As the long awaiting April 1st decision date creeps closer and closer, there is a renewed sense of excitement as high schools seniors across the country finalize their college choices and begin binge-buying their chosen university’s apparel. The days of rigid school schedules and high school cliches are coming to a close, and we’re ready to start the next chapter of our lives.
Like all other high school seniors, I will enter a college campus this fall embarrassingly clueless, overly excited, and intimidated by the endless opportunities that will be offered to me. I’ll get lost on campus, lose my ID card, and probably lock myself out of my dorm room multiple times.
But most of all, I’m nervous. As someone who boasts a love for Israel and thoroughly enjoys advocating for the Jewish state, the thought of committing myself to a place that could so viciously attack my beliefs is scary. No one has ever approached me for the sole purpose of belittling my views on Israel. I have never met anyone who will just as strongly condemn Israel as I will defend her. More than anything, I have never been in a situation where I have been ashamed to be Jewish.
Across the country, college campuses are becoming more volatile in regards to anti-Israel views. Freshman walking around the quad this fall may find die-ins, mock eviction notices, apartheid walls, and various other vulgar means by which those instigating acts of hatred, not peace, get their message across to the collegiate masses. East Coast, West Coast, No Coast, it’s virtually impossible to escape.
I know it’s hard. College is supposed to be a fresh start, where you can find your individuality within a realm of almost complete independence. You want to get out of your comfort zone, join new activities, meet new people, and explore all that your college town has to offer. Fitting in is your number one priority, whether you admit it or not.
Even if you think you’re ready, I don’t think there’s any way to truly anticipate how much anti-Israel activity will affect you. Whether you are an avid Zionist with an ever-growing admiration for Israel, learned about Israel in religious school, visited with your youth group, celebrated Israel day at summer camp, or merely feel a loose obligation to the Jewish state because of your faith, these connections are important. They may not even be on your radar; maybe they’re lurking in the depths of your subconscious.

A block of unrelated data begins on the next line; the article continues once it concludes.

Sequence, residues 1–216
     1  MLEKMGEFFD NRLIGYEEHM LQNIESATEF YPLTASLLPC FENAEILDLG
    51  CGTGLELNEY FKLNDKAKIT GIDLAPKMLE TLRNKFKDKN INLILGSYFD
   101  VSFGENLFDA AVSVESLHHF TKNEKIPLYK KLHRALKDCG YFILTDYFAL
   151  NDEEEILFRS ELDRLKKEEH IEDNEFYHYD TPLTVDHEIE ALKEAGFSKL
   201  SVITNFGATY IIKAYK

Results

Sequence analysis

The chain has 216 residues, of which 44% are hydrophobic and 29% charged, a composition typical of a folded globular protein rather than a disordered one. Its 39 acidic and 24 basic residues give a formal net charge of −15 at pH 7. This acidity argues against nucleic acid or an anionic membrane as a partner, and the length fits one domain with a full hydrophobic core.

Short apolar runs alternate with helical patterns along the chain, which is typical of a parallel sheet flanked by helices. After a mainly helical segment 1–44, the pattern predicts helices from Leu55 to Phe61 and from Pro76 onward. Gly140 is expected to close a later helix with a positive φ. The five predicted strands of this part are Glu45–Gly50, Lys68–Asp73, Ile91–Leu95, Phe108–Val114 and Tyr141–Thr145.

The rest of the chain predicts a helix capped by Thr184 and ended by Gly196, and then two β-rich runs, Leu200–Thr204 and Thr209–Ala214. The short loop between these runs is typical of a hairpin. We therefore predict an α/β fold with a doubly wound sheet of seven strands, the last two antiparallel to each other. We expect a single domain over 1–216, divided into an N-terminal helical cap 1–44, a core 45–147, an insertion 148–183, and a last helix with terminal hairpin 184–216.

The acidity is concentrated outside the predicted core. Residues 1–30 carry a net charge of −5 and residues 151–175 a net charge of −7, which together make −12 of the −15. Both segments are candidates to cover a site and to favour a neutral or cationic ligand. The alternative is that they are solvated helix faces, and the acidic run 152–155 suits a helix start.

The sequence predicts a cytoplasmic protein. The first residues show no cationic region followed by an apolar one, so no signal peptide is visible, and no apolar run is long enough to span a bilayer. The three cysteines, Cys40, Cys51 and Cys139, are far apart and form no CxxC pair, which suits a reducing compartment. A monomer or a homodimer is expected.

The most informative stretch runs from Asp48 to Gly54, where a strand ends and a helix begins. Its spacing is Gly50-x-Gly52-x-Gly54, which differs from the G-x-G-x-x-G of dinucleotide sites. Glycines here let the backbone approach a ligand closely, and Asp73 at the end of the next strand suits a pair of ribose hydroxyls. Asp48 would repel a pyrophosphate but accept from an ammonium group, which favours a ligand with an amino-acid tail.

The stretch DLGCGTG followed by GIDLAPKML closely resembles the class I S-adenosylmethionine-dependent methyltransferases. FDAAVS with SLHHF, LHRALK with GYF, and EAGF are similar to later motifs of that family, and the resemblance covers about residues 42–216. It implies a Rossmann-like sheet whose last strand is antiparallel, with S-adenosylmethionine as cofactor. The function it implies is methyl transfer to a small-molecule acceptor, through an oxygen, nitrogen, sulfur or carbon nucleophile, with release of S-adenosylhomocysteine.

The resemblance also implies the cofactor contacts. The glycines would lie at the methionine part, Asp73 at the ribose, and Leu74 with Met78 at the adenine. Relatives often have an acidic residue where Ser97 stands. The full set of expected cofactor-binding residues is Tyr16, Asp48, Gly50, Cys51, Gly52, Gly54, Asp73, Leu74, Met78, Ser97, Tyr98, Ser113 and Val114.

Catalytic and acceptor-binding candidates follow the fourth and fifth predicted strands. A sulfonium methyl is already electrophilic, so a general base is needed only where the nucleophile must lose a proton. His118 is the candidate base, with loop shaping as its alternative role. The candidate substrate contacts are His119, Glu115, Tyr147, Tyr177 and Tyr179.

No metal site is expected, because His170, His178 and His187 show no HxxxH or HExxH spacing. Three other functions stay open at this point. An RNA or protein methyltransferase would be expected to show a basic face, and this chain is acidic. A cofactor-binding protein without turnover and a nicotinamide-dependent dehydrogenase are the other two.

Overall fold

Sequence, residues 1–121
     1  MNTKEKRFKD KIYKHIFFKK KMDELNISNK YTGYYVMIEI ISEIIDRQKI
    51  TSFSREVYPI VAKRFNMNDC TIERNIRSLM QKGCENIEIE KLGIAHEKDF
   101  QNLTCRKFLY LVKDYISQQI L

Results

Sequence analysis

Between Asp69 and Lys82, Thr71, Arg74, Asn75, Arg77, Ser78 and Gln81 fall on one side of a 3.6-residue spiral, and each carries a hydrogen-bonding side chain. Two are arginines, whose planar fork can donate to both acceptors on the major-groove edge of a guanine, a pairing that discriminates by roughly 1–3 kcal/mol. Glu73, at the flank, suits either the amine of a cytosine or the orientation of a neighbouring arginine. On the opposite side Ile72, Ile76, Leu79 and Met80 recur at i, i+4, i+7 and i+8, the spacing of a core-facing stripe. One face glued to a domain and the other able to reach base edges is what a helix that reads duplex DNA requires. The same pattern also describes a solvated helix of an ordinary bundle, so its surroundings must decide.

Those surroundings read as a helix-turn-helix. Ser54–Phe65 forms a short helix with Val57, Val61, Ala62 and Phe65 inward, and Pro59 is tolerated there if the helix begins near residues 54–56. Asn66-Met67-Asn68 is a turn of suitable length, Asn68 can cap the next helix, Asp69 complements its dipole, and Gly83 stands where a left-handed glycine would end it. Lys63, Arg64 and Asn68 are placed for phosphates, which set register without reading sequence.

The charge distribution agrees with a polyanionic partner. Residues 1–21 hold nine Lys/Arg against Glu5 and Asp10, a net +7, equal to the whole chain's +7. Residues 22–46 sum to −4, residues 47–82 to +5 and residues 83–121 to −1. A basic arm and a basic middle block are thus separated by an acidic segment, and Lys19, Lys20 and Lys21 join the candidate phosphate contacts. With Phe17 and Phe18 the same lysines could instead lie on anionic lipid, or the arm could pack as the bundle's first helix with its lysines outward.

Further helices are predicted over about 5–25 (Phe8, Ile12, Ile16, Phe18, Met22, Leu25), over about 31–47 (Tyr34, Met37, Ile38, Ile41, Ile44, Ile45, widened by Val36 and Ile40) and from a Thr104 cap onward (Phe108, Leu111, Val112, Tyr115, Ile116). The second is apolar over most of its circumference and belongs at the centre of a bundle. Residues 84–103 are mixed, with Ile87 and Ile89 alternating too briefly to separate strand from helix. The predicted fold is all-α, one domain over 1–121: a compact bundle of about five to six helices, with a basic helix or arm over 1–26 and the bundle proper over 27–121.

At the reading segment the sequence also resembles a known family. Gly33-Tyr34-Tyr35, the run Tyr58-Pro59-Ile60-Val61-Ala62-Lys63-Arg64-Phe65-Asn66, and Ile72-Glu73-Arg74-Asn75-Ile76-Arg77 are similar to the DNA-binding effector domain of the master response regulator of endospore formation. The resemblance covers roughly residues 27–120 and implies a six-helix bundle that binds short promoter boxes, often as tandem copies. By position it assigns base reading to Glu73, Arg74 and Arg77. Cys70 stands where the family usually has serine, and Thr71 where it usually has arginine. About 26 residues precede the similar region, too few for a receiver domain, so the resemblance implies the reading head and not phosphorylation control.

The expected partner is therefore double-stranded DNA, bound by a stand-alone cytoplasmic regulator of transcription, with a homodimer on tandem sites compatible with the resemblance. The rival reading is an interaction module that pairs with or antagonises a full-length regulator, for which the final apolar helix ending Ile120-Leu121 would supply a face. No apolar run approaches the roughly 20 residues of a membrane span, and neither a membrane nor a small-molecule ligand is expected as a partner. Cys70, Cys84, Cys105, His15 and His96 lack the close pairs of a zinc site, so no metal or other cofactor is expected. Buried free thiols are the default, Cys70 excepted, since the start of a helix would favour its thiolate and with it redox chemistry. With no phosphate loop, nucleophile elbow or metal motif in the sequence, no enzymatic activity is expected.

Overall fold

And when you see anti-Israel activity in a place you call home for the first time, these connections will be challenged. Your mind begin to race, utterly befuddled by the magnitude that their words had on you. Maybe you’ll begin to question your previous unwavering support to the Jewish state, or perhaps you’ll totally disregard it.
As a future campus advocate, I urge you to take the matter into your full consideration; to find a way to ask the tough questions and receive the answers you need, to learn how to show others why you care, to ensure that your campus remains a safe place for students like yourself.
This past year has shown that silence will not shield you from anti-Israel aggression. Jewish facilities and people across the country have been attacked, regardless of their actual affiliation with Israel. They don’t care that you may have distanced yourself from the Jewish state: you will not be protected by apathy or neutrality. Do not hide behind unspoken words, rise up to the occasion and act.
But why? Why should I care how a country half a world away, whose people I feel no connection with and whose politics seem irrelevant to my 18-year-old sphere of influence?
Because we need you. We need people like you to speak out against the injustices that have become commonplace on campus. Our IDF soldiers are battling for survival overseas; we must fight in a war of ideas that is vital to the success of Israel.
So next year if the inevitable time comes that you see anti-Israel activity on campus and you feel uncomfortable, find someone to provide you answers. If a Boycott Divestment Sanctions motion comes to your school’s student government, ensure that it does not pass. Do not allow your campus to become a place where Stars of David are hidden out of fear and Jewish students walk with their heads down and their mouths shut. Stop the madness before it spirals out of control, kick back the voices of hatred before they drown out any hope for peace.
I know it’s a lot to ask, but you can do it. Fight the urge to grow apathetic, and instead take this opportunity to educate yourself and those around you. We stand with Israel despite the struggles, because we know what a miracle it is to say that the Jews finally have a place they can call home.